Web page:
As The Idea Guy I have participated in more than my fair share of corporate brainstorming sessions. Anytime I’m invited to one of these pre-scheduled forced-creativity events I immediately think of a particular movie starring Clint Eastwood and wonder if it’s going to be Good, Bad, or Ugly.
Most corporate attempts at brainstorming sessions fail for the same five reasons:
1. No one wants to be there
The whole point of inviting a group of people is to try and increase the quantity and quality of ideas contributed. One way to to this is to simply invite a large number of people. The larger number of people should also statistically increase the diversity of their background and personal experience which you hope translates into more diverse ideas sparked by their diverse backgrounds. The problem is, everyone has a stack of work on their desk they are under pressure to complete, so at the very least your brainstorm session is seen as an interruption if not a flat out waste of their time. They’re pissed they have to be there from the time they enter the room — not an ideal way to begin!
2. The phrase “There are no bad ideas”
First of all… BULL! There have been some monumental failures of ideas not only contributed in a brainstorm session, but actually put into action (I’m talking to you New Coke, Crystal Pepsi, McPizza, and Highlander 2!) Nonetheless, this phrase is uttered a dozen times an hour during one of these sessions (usually right after someone contributes a particularly outrageous idea) and arguing about whether or not an idea is bad, or convincing the other participants that the conceptual turd their co-worker just laid out on the table doesn’t stink to high heaven is a complete waste of time and energy.
3. If they don’t care they won’t prepare
Typically these sessions are scheduled by one department that needs help solving a problem. They get stuck and the department supervisor says “we need new eyes on this — schedule a brainstorm.” So they shine the brainstorm symbol in the sky like Commissioner Gordon summoning Batman and send everyone an Outlook meeting invite to the third floor conference room Wednesday at noon with the lure of free pizza to help solve another department’s problem. The real problem is getting Department A to care one bit about Department B’s roadblock. If anything, they’re ready to point out two or three other issues they think Department A should take care of first, because they’re making life rough for Department B. Since Department B doesn’t care because they don’t believe Department A’s problem directly impacts them, they don’t think on the topic in advance or do any research into the situation. They aren’t percolating on the problem ahead of time so as to warm-up their creative engines on the topic. When they show up for the session, they just want the pizza and to get out of there as quickly as possible.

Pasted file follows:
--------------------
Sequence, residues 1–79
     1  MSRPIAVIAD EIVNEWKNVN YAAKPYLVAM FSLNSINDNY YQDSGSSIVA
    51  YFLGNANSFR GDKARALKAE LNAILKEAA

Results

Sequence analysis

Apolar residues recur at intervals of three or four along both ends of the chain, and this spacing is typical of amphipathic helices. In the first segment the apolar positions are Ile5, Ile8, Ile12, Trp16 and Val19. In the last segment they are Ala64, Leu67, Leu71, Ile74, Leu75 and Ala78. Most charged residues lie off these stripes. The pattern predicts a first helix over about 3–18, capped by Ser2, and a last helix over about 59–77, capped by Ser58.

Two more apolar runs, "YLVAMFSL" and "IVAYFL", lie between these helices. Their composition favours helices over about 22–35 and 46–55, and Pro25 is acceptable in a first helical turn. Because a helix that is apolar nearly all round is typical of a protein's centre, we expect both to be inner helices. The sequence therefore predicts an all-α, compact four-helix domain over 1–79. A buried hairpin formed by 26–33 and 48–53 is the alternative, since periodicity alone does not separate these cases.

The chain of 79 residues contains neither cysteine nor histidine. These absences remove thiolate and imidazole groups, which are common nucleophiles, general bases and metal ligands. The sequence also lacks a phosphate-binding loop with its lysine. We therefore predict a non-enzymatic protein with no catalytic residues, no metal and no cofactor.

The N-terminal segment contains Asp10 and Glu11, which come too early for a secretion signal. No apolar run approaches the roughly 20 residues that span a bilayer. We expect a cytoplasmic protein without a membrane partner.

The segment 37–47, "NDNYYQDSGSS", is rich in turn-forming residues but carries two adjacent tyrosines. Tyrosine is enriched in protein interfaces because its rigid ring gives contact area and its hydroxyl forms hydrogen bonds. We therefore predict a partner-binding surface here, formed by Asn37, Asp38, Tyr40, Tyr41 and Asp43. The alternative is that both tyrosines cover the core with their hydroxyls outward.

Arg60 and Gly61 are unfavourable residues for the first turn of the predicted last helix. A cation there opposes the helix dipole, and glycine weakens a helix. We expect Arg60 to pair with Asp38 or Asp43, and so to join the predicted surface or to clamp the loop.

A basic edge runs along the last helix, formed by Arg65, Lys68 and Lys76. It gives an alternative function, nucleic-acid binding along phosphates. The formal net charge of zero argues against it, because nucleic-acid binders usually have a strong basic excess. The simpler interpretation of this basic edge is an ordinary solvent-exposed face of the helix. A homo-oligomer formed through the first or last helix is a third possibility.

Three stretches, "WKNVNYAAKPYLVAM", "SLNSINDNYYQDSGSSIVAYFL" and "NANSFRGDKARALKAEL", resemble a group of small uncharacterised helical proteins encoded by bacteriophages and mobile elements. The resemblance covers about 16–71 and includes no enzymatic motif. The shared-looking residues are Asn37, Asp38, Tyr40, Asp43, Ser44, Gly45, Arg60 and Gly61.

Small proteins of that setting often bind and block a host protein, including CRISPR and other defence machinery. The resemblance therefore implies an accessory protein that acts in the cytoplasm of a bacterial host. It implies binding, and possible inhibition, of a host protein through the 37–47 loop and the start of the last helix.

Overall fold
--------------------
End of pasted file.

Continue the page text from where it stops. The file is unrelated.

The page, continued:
4. Loudmouths in the spotlight
If anyone actually has an idea to share they are frequently shutdown by those who won’t shut-up. No one else can get a word in edgewise because Mr. One Man Show won’t give up the floor for someone else to chime in. Also, some folks are naturally more introverted than others and the prospect of having their creative contribution openly judged by a roomful of their peers is a frightening situation. Even if they had the perfect answer to the question, they wouldn’t share it in front of the group.
5. Contributions aren’t valued and zero follow-up by management
Generally, most employees at a company are only willing to crawl so far out on a limb by suggesting a really provocative idea (for fear of someone sawing off the limb behind them.) I’ve attended some company brainstorms where a participant was specifically introduced to me as being the person who suggests the most bizarre ideas, yet during the actually session they were quiet and reserved. My guess is that during a past session they truly got in the creative spirit and contributed a far-out concept which they’ve carried with them ever since, like a Hester Prynne-ish scarlet B for Brainstorm embroidered on their chest. For those that do risk the ridicule of contributing an envelope-pushing idea, the pay off is typically anti-climatic. Participants are never kept up to date on what happens to the ideas they helped generate, and the impression that this was all just a meaningless exercise in the eyes of the company will forever be connected to future brainstorm sessions.
All of the examples above are reasons why hiring an Idea Guy (like myself) from outside the company can increase your likelihood of generating actionable ideas that you can genuinely put to use within your company. As a consultant, I work with you to distill the kinds of ideas you need and can use. I’ve no bone to pick with any other department inside the company and can generate pure concepts rather than worrying about the politics of getting them approved and put into action.
The fact I come from outside your industry means I’ll educate myself on your business just enough to make my ideas applicable, but still be naive enough not to know what everyone else thinks is impossible.
I’m a hired gun, so while I’m happy to help you create an action plan take the ideas generated to the next level and get them implemented, you’re not going to hurt my feelings if you decide to put them on a shelf and revisit them in six months. My attention is yours — I’m in the room to specifically generate ideas and solutions for the topics and problems you specify. Working with you to solve a problem isn’t an interruption of my regular job. It IS my job!
If you’d like to discuss ways I can help you build your business, please contact me via email or phone for a free consultation.
I can help your team have a good time brainstorming, come up with some bad-ass ideas, and keep things from getting ugly.